This Looks Like a Job For Team America
I played Devil’s advocate to Cam last night: Pretend you’re the Comedy Central official who makes the call on what gets bleeped on South Park. You know that while the show offends everyone, when Muslims get offended, things start blowing up and insurance rates go up. You know that if material that offends Muslims gets out there, somebody might do something to your company and your co-workers. And while some would-be-jihadist might target creators Trey Parker or Matt Stone, they might just firebomb your corporate offices and incinerate some nice receptionist who had nothing to do with the television show’s production. Are you willing to risk the life of that receptionist, when you know bleeping the controversial sections might make the threat go away, at least partially, and at least for a while?
I don’t buy into the Devil’s advocate argument; ultimately, while the hesitation to expose a receptionist to a terrible terror attack is understandable, knuckling under effectively replaces this official as programming director and gives creative control to Islamic Rage Boy. Sure, Parker and Stone offend him, but everything non-Islamic, including visual images, offends him.
The capitulation of Comedy Central shouldn’t be that surprising; remember very few papers ran the Mohammed cartoons. The bomber’s veto is very much in effect in our society.
The news: “On Thursday morning, a spokesman for Comedy Central confirmed that the network had added more bleeps to the episode than were in the cut delivered by South Park Studios, and that it was not giving permission for the episode to run on the studio’s Web site.”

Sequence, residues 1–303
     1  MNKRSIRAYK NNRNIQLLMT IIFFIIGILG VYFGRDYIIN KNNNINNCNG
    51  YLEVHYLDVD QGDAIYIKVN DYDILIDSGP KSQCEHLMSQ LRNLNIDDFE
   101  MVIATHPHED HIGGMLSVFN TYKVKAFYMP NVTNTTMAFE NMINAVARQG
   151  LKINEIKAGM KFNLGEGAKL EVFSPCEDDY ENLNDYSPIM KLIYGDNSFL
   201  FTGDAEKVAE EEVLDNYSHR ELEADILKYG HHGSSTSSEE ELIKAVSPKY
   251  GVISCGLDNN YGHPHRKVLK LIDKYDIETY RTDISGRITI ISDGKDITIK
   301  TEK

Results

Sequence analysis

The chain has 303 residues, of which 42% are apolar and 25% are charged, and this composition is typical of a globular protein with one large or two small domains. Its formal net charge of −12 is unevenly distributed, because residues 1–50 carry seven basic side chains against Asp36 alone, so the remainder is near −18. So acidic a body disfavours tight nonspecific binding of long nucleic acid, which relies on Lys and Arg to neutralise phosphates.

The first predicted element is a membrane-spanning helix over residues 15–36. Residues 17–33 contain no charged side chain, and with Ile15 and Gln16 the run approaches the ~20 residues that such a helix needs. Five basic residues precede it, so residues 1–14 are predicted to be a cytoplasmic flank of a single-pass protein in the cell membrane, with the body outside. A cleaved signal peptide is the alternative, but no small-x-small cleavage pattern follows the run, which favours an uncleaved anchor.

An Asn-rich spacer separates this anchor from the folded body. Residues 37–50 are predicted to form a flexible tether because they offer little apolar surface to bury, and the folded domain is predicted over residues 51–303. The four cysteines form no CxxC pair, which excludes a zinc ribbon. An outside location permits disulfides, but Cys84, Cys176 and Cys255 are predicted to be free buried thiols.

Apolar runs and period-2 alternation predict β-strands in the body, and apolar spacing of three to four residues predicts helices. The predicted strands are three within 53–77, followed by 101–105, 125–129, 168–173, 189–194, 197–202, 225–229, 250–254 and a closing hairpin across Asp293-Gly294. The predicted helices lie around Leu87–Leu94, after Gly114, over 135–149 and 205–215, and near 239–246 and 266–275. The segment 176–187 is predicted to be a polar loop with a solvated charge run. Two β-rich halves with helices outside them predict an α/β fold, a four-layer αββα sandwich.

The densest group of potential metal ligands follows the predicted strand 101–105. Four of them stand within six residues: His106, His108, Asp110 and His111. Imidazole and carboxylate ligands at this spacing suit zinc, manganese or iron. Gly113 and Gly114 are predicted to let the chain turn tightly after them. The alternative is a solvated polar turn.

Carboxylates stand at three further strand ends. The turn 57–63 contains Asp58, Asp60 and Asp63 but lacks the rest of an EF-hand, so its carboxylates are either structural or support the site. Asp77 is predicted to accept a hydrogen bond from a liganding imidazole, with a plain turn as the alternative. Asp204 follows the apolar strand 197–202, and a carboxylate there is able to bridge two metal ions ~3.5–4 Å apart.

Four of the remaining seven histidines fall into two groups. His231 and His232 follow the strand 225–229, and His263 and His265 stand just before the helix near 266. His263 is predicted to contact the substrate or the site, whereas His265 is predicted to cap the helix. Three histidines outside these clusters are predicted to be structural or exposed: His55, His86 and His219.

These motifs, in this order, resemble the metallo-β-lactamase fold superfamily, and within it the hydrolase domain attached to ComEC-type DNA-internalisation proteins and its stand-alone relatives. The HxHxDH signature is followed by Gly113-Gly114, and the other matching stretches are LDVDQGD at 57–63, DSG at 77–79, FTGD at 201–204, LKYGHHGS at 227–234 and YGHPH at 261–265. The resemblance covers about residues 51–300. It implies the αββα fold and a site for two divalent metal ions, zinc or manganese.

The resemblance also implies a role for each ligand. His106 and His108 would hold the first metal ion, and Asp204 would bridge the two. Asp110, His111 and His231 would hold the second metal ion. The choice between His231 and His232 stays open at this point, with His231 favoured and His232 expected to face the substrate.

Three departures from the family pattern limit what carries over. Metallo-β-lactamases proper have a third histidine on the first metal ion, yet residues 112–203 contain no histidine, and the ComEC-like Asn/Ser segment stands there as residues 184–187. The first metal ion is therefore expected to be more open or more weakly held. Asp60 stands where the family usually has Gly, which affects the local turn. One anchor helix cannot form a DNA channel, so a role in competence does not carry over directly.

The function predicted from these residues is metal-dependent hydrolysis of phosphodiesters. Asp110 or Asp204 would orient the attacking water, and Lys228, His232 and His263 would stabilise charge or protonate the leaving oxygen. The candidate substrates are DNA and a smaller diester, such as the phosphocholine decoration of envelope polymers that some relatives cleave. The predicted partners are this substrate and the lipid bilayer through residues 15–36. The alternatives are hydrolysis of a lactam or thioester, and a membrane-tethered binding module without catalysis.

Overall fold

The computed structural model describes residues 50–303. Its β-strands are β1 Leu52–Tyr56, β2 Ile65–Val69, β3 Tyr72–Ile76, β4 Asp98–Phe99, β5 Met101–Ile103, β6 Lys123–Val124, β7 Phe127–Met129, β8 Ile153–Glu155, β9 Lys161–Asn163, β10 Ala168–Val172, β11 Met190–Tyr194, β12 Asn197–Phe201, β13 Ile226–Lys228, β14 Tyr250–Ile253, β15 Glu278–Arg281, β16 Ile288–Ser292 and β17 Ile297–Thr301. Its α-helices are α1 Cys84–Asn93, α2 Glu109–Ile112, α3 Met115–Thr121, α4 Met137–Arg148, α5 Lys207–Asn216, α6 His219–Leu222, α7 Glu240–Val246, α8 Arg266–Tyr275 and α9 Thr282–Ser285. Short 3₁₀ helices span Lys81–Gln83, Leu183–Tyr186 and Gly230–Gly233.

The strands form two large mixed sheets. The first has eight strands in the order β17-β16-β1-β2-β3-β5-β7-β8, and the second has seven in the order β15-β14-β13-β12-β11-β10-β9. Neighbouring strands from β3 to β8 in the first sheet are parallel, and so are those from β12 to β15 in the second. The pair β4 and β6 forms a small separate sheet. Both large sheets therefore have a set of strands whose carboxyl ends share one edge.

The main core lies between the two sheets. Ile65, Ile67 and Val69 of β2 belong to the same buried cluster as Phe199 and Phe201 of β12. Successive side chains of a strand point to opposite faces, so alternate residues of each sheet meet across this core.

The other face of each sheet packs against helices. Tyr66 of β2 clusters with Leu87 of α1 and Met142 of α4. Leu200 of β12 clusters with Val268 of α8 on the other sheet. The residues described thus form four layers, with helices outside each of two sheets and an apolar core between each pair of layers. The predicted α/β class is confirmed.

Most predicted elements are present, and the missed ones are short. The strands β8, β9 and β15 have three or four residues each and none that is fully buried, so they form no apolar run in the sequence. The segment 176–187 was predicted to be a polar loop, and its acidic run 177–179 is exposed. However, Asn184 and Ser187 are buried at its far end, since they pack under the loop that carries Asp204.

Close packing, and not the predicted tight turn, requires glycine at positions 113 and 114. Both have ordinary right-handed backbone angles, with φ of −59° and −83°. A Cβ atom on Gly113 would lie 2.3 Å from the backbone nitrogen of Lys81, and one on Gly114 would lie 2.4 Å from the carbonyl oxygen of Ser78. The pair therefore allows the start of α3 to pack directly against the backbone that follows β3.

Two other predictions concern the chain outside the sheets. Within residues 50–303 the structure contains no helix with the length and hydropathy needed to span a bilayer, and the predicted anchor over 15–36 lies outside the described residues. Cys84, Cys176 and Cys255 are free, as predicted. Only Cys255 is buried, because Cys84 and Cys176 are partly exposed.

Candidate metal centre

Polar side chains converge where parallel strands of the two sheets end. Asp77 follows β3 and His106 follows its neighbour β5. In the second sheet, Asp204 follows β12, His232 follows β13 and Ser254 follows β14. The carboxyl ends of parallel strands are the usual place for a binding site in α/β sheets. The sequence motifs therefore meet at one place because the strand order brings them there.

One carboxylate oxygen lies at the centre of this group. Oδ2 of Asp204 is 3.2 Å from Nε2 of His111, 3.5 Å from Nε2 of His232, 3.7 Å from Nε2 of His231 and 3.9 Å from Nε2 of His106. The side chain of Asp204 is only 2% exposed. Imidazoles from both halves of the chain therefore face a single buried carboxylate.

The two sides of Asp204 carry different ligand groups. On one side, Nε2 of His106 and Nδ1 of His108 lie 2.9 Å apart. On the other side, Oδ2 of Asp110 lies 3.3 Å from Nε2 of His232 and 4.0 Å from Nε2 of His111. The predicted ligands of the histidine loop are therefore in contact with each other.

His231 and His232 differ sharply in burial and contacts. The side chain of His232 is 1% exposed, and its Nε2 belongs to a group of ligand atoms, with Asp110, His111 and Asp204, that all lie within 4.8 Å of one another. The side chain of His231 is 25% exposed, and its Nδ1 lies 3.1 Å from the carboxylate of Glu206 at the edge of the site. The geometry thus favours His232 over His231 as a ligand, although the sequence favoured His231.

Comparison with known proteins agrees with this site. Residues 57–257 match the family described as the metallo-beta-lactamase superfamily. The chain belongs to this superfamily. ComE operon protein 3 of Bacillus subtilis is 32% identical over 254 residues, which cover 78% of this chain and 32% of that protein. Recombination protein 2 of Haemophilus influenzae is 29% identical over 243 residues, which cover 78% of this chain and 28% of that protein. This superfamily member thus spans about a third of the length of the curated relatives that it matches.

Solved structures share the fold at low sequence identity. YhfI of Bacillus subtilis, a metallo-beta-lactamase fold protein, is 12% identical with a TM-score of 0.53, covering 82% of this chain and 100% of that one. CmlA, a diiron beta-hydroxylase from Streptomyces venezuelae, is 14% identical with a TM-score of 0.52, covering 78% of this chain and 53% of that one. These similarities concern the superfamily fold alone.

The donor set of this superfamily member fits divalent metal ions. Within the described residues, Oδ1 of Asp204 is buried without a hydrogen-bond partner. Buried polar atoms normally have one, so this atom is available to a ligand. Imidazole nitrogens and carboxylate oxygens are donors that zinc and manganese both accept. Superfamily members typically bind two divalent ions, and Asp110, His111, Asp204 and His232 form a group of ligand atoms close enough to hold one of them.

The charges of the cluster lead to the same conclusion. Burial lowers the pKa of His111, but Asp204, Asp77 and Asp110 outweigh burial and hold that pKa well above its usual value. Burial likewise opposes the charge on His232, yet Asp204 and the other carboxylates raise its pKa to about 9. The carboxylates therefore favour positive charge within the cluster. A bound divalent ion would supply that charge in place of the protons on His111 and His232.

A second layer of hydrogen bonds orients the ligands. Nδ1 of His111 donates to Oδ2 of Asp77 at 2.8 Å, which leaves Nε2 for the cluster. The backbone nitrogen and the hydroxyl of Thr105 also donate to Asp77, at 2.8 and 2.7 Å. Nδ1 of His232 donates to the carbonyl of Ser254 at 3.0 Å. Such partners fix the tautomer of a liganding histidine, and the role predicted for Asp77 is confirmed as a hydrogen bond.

At Hot Air, AllahPundit gives us to us straight, that the news media does not see its job as telling us what’s going on; it believes its mission is to tell us what to think: “As InstaGlenn says, this is actually the perfect ironic conclusion to the media’s post-Tax Day binge of hyperventilating about tea party extremism. Cranks holding up “Impeach the Kenyan!” signs at a right-wing rally are grist for a thousand NYT op-eds about Oklahoma City, but have jihadis intimidate the parent company of one of the most highly regarded comedies on television into blacking out its shows and it’s essentially a curio for the TV beat.”
At Big Hollywood, Woody Hochswender asks a fairly good question about the reports of threats against creators Parker and Stone: “Where is Homeland Security on this? (Oh, never mind, they’re most likely busy infiltrating Tea Parties.)”
At Contentions, Abe Greenwald notes that the New York Times feels the need to soft-pedal the obvious, when they note that a ‘Muslim group’ suggested Stone and Parker could face violent consequences: “What’s a ‘Muslim Group’? Call me old-fashioned, but I thought bodies that reportedly threatened violence and murder because of the portrayal of religious figures were called alleged terrorists. I just hope someone tracks this angry bunch down before they’re able to pull off a deadly act of groupism.”